Yesterday Counterpunch published a powerful piece by Robert Fisk, ‘Who Could Ever Feel Pride in the Balfour Declaration?’ attacking Theresa May’s plans to celebrate the centenary of the British Prime Minister’s declaration during the First World War to support the establishment of a Jewish homeland in Palestine. Fisk is a journalist with the Independent, where the piece was originally published, and a veteran critic of Israel and its ethnic cleansing of the country’s indigenous, Arab population. He begins the article
Theresa May told us that Britain will celebrate the centenary of the Balfour Declaration this summer with “pride”. This was predictable. A British prime minister who would fawn to the head-chopping Arab autocrats of the Gulf in the hope of selling them more missiles – and then hold the hand of the insane new anti-Muslim president of the United States – was bound, I suppose, to feel “pride” in the most mendacious, deceitful and hypocritical document in modern British history.
As a woman who has set her heart against immigrants, it was also inevitable that May would display her most venal characteristics to foreigners – to wealthy Arab potentates, and to an American president whose momentary love of Britain might produce a life-saving post-Brexit trade agreement. It was to an audience of British lobbyists for Israel a couple of months ago that she expressed her “pride” in a century-old declaration which created millions of refugees. But to burnish the 1917 document which promised Britain’s support for a Jewish homeland in Palestine but which would ultimately create that very refugee population – refugees being the target of her own anti-immigration policies – is little short of iniquitous.
The Balfour Declaration’s intrinsic lie – that while Britain supported a Jewish homeland, nothing would be done “which may prejudice the civil and religious rights of existing non-Jewish communities in Palestine” – is matched today by the equally dishonest response of Balfour’s lamentable successor at the Foreign Office. Boris Johnson wrote quite accurately two years ago that the Balfour Declaration was “bizarre”, a “tragicomically incoherent” document, “an exquisite piece of Foreign Office fudgerama”. But in a subsequent visit to Israel, the profit-hunting Mayor of London suddenly discovered that the Balfour Declaration was “a great thing” that “reflected a great tide of history”. No doubt we shall hear more of this same nonsense from Boris Johnson later this year.
He states that Balfour issued the Declaration in order to convince American and Russian Jews to continue to press for continuing the war against Germany, after Russia was forced to sue for peace the same year in 1917. He points out that Britain should, by rights, apologise to the millions of Arab refugees created by the Declaration, as Britain has done for the Slave Trade and the Irish Potato Famine. But he predicts that Britain won’t, because Theresa May needs Israel far more than she needs the support of the Arabs. Much of the article is really a discussion of David Cronin’s book Balfour’s Shadow: A Century of British Support for Zionism and Israel. Cronin’s an Irish journalist living Brussels, who very definitely despises anti-Semitism and Holocaust-deniers, and who faces up to the issue of the support of Mufti of Jerusalem for the Nazis and the Holocaust. The book details the British use of violence and repression against the Arabs, including the use of ‘extra-judicial execution’. Fisk also shows in his article how British prime ministers since Balfour, of both the Left and Right, have supported Israel at the expense of its Arab population. PMs who have supported Israel and its ethnic cleansing include Clement Atlee, Harold Wilson, Margaret Thatcher and, of course, Tony Blair. Fisk also details British complicity in supplying arms to the Israelis and that they gave no protection to Arab civilians when they were being massacred, such as at Haifa. Fisk states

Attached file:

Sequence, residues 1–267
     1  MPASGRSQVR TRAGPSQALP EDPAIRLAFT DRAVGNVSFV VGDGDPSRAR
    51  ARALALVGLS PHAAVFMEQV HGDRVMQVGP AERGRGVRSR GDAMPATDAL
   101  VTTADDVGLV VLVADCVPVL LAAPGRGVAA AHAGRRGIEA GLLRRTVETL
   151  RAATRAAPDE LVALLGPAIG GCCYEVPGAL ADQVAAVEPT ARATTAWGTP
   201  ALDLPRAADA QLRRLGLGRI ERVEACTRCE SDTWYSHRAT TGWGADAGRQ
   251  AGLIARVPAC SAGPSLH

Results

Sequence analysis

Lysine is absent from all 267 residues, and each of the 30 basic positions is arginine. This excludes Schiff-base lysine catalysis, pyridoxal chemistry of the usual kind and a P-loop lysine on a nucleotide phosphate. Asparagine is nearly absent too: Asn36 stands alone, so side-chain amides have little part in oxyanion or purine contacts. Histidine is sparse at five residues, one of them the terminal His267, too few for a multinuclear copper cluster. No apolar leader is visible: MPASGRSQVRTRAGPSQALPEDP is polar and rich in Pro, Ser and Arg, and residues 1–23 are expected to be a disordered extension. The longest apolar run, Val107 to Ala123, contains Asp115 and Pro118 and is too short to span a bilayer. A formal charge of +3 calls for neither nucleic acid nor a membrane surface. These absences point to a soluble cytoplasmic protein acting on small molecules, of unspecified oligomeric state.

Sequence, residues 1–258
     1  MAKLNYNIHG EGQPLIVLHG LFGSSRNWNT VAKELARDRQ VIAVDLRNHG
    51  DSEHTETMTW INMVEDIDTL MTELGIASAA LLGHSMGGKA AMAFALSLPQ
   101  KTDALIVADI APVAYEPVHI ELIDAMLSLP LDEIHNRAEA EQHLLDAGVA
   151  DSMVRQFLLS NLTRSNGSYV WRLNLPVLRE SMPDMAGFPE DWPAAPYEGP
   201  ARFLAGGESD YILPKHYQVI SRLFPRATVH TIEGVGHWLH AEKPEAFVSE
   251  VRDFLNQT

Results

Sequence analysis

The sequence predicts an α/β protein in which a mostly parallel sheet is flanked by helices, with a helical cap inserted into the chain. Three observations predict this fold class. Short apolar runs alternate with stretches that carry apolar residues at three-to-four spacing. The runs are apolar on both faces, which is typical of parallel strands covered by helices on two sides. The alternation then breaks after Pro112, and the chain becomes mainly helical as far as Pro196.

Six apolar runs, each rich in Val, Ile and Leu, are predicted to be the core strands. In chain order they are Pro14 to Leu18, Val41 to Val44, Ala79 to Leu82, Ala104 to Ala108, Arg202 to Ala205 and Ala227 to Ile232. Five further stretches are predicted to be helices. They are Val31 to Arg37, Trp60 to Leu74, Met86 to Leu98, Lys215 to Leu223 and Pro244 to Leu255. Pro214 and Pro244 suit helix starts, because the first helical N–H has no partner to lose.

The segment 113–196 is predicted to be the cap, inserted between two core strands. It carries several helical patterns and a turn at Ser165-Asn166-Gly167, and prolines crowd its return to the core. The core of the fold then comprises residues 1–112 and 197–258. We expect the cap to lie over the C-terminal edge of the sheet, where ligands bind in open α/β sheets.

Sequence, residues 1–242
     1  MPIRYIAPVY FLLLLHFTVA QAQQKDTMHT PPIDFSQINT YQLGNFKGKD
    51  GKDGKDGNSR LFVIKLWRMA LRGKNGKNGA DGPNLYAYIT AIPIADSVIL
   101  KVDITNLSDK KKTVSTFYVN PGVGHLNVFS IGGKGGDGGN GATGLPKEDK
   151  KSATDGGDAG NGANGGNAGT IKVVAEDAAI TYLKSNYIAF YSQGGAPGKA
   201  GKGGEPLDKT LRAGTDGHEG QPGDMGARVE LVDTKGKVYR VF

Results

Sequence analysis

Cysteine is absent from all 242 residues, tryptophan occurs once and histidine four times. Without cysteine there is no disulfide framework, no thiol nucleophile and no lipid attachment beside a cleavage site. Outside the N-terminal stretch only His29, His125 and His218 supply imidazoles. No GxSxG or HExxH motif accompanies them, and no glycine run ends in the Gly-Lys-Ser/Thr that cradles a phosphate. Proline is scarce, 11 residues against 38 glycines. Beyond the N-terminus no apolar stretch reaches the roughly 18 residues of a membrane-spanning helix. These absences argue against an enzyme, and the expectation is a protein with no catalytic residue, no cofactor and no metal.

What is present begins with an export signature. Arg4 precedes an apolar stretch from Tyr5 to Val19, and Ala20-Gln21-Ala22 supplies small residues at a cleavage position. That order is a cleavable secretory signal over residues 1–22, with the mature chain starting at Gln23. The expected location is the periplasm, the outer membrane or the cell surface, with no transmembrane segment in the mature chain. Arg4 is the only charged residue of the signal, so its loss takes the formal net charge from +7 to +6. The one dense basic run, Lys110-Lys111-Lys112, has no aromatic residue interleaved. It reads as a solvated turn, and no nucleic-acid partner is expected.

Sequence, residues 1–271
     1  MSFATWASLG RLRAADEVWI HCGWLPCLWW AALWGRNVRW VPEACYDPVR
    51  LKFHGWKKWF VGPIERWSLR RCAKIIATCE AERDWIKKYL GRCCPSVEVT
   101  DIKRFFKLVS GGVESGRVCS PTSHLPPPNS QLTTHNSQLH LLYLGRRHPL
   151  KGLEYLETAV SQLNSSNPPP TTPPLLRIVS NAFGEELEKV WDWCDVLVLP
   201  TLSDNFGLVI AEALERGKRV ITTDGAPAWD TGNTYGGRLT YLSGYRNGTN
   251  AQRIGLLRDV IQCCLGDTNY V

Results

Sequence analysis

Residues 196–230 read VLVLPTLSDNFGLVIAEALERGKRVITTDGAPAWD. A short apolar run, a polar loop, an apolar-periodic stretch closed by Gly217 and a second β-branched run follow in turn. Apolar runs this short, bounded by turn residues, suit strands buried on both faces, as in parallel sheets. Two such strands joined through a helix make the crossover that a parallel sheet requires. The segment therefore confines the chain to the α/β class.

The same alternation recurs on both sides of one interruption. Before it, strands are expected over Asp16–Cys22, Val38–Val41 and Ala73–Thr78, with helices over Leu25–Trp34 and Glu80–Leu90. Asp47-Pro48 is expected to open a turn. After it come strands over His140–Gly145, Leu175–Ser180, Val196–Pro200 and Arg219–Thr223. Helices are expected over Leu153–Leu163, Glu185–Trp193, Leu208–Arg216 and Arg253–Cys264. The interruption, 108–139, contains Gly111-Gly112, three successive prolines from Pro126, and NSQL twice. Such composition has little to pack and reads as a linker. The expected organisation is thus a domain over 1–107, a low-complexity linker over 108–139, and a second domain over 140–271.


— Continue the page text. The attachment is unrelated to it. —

Cronin’s investigation of Colonial Office files show that the British military lied about the “cleansing” of Haifa, offering no protection to the Arabs, a policy largely followed across Palestine save for the courage of Major Derek Cooper and his soldiers, whose defence of Arab civilians in Jaffa won him the Military Cross (although David Cronin does not mention this). Cooper, whom I got to know when he was caring for wounded Palestinians in Beirut in 1982, never forgave his own government for its dishonesty at the end of the Palestine Mandate.
But Britain’s support for Israel hasn’t always been reciprocated. When the PLO opposed the Falkland’s War, they were told very clearly by the British ambassador that it was no concern of theirs. At the same time the Israelis were selling Skyhawk jets to the Argentinians to shoot down our flyboys.
Fisk concludes the article
From the day that Herbert Samuel, deputy leader of the Liberal Party and former (Jewish) High Commissioner for Palestine, said in the House of Commons in 1930 that Arabs “do migrate easily”, it seems that Britain has faithfully followed Balfour’s policies. More than 750,000 Palestinians were uprooted in their catastrophe, Cronin writes. Generations of dispossessed would grow up in the camps. Today, there are around five million registered Palestinian refugees. Britain was the midwife of that expulsion.
And this summer, we shall again be exhorted by Theresa May to remember the Balfour Declaration with “pride”.